Training has dipped for professionals because bosses are unwilling to release them from work due to manpower shortages in a tight labour market.
But lower-wage workers faced no such constraints. A growing number have been sent for skills upgrading thanks to government subsidies, according to a survey released by the Manpower Ministry yesterday.
Association of Small and Medium Enterprises president Chan Chong Beng said many firms are unable to set aside time for staff training due to manpower shortages.
He added that some employers are also reluctant to invest in training because workers are job-hopping frequently as they have more bargaining power in a tight labour market.
"Why would an employer want to train a worker only to see him getting hired by someone else after a few months?" he said.
The dip means bosses spent less on training last year, according to the Survey On Employer Supported Training. The average training cost per employee after grants were deducted was $362 last year, falling from $449 in 2010.
But at least the blue-collar workers saw a slight bump in their training. The proportion of production and transport operators, cleaners and labourers who went for skills upgrading courses was 58.3 per cent last year, up from 56.5 per cent in 2010.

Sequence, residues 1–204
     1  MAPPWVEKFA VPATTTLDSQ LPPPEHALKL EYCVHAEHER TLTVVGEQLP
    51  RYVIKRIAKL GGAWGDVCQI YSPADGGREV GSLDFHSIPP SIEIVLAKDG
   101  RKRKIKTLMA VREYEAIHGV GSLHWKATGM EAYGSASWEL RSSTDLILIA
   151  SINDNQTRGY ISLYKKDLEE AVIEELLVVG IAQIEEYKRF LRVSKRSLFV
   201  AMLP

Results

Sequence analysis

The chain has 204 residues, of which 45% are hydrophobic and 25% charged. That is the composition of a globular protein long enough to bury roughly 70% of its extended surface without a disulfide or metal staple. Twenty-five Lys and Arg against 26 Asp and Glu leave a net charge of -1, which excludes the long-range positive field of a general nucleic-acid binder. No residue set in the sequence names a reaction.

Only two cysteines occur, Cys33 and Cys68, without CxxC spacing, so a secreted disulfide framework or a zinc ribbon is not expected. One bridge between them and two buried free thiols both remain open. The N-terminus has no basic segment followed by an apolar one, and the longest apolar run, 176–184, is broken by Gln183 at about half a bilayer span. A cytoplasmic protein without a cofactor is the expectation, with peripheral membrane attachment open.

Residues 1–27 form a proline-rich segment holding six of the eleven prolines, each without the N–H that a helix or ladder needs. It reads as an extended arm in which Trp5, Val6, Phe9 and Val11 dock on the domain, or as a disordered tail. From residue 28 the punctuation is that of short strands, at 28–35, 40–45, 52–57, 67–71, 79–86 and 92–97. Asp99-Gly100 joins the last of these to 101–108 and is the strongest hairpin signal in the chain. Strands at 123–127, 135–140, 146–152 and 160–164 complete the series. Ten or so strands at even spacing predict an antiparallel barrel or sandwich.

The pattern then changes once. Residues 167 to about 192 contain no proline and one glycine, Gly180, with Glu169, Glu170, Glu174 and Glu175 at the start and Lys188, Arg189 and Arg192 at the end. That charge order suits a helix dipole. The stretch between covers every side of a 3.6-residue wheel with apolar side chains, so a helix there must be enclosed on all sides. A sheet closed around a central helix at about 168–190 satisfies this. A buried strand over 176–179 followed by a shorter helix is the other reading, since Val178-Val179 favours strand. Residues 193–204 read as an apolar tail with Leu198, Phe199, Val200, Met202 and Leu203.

In all, the average share of workers trained went down to 57 per cent last year from 58 per cent in 2010.
The numbers are not encouraging. Mr Patrick Tay, NTUC director for legal services and the PME unit, said firms are focusing more on day-to-day operations because of uncertain economic times.
Yet, employers who have sent workers on courses have found it can boost productivity and staff retention.
One such boss is Mr J. S. Wong, chief executive of information technology firm TalariaX, who sent four engineers for a project management course earlier this year. One of them has since been promoted to project manager.
"I want my staff to be able to see a career path in my company," said Mr Wong. "That way, I can better retain them."